Bashkortostan Opposition Petitions Moscow


Dilmukhametov, Bignov and Russian leader Anatoly Dubovsky with boxes of signatures at a rally Thursday

More on the Bashkortostan rally in Moscow demanding the Bashkor president to resign:

Advocates of human rights from Bashkortostan have gathered at a commemoration stone to victims of Stalinist repressions in Lubyanka square in Moscow on Thursday, demanding the resignation of Bashkortostan President Murtaza Rakhimov. Around 200 protesters with flags and slogans in their hands turned up. Some of them have prisoner overalls on.

The protest act authorized by the Moscow city authorities was to begin at 3.00 p.m., but was postponed because a flight from Ufa that carried the protesters to Moscow was delayed.

A 65-strong police cordon is ensuring law and order on the scene: the situation is normal, no incidents have been reported.

Protesters tell of their difficulties in Kortostan:

Some 200 opposition activists flew in from Ufa on Thursday to demand the ouster of Bashkortostan President Murtaza Rakhimov at a rally on Lubyanskaya Ploshchad. Some protesters warned that brewing unrest could prompt a popular revolt like the one that recently toppled the president of Kyrgyzstan.

Political analysts, however, expressed doubt that the protests would turn violent and overthrow Rakhimov.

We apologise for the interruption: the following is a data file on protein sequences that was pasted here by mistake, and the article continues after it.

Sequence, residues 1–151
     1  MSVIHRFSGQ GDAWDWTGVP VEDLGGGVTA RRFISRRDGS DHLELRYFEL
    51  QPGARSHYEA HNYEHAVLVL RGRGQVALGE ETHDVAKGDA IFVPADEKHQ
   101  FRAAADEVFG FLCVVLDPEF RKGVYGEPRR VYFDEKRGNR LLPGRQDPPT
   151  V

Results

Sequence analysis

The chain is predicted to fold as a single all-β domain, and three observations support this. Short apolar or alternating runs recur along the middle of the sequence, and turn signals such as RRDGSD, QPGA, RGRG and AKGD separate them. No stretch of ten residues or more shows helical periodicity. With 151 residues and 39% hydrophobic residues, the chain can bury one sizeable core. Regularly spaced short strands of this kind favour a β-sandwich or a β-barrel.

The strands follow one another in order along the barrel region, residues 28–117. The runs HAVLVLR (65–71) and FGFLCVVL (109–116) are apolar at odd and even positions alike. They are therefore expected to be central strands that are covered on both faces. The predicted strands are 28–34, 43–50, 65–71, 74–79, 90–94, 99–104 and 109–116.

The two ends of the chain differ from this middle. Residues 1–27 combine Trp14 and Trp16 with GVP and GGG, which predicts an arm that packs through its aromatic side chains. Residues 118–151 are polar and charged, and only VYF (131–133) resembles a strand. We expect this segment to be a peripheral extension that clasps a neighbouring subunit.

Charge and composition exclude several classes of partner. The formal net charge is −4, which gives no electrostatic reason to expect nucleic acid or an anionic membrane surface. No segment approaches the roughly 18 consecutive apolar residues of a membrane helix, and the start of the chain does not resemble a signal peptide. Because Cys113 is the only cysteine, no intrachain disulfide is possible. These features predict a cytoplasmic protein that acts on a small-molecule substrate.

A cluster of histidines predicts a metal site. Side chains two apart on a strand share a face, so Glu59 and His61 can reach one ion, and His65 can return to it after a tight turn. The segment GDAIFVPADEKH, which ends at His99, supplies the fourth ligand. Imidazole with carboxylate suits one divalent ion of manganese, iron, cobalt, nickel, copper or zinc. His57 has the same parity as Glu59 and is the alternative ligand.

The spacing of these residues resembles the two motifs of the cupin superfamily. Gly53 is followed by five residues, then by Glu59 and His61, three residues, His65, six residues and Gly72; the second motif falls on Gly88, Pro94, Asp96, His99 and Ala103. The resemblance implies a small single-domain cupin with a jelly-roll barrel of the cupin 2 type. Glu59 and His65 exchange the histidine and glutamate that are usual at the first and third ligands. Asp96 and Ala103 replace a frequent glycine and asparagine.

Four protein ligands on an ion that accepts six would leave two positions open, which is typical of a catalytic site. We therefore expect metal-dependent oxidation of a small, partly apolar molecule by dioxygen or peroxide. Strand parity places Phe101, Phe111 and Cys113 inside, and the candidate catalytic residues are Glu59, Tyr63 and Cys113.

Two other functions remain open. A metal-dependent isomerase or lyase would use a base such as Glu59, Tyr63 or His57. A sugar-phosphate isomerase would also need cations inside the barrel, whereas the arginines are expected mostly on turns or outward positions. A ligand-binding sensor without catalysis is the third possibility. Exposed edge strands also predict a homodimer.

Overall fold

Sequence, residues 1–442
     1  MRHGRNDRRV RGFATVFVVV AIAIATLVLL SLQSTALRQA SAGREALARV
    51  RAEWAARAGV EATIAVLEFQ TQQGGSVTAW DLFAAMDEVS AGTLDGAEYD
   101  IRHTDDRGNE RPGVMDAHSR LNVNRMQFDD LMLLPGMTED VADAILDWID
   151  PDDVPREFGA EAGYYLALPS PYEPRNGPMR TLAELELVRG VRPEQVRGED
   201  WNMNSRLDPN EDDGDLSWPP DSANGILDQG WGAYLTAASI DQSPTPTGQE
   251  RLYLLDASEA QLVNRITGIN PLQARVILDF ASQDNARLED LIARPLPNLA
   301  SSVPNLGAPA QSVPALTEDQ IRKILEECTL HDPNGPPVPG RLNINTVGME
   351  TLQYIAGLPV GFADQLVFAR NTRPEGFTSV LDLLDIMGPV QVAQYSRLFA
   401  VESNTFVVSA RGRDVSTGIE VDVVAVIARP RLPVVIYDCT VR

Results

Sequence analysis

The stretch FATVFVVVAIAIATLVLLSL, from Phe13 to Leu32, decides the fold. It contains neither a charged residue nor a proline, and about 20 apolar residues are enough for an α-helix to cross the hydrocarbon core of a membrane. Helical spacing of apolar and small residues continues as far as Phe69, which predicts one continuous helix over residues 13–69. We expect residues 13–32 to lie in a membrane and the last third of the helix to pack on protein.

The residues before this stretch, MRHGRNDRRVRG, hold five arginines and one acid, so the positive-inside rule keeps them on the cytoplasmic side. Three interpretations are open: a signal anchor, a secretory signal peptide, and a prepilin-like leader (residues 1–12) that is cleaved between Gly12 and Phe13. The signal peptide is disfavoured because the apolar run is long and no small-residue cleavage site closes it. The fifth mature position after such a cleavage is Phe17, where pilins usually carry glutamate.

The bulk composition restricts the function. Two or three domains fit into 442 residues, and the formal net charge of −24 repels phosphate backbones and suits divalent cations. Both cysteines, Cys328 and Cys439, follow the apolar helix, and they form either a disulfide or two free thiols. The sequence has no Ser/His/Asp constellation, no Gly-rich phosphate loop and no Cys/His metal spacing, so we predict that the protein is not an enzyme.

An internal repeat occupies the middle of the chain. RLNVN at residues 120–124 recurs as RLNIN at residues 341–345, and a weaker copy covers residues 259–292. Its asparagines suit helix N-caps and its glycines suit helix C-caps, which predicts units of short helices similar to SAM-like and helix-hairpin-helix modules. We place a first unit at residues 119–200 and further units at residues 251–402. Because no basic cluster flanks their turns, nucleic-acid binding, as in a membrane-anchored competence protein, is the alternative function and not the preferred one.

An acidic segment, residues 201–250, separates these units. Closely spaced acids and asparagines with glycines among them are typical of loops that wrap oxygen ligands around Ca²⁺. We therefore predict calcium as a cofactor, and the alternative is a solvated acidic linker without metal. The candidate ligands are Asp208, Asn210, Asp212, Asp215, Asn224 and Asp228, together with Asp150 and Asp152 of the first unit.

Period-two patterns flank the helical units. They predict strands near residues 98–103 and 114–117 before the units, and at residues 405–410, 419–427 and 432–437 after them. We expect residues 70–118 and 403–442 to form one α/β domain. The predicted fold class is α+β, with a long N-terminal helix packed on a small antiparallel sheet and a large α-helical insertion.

Protesters streamed onto Lubyanskaya Ploshchad with six cardboard boxes containing 107,000 signatures asking President Vladimir Putin to dismiss Rakhimov. Several protesters wore black-and-white striped prison garb, and one carried a poster reading, “No to the Rakhimov family clan.”

“It is impossible to live there,” said protester Ferdaus Mukhamatdinov.

After the rally, protesters delivered the boxes of signatures to a presidential administration office just off Lubyanskaya Ploshchad.

Airat Dilmukhametov, leader of the opposition Bashkir National Movement, warned that protest actions would grow if Putin did not dismiss Rakhimov.

The protesters aim to keep within legal bounds:

Bashkortostan is an oil- and gas-rich autonomy in the plainlands along the Volga. President Murtaza Rakhimov has been ruling it with a fist of iron for fifteen years. Now, Bashkir opposition is firmly determined to make him step down.

“Georgia, Ukraine, Kyrgyzstan. Bashkortostan may well be the site of another revolution-but we shall keep strictly within legal bounds,” Ramil Bignov, Bashkir opposition Coordination Council chief, said to a news conference that had gathered the republic’s opposition leaders in Moscow today.

The protest action they are launching aims mainly to attract federal authorities’ attention to Bashkir problems, pointed out the speakers.

The Bashkir presidential staff premises will be picketed indefinitely, starting May 1. The pickets intend to pitch a shantytown in front of the building, announced united opposition leaders.

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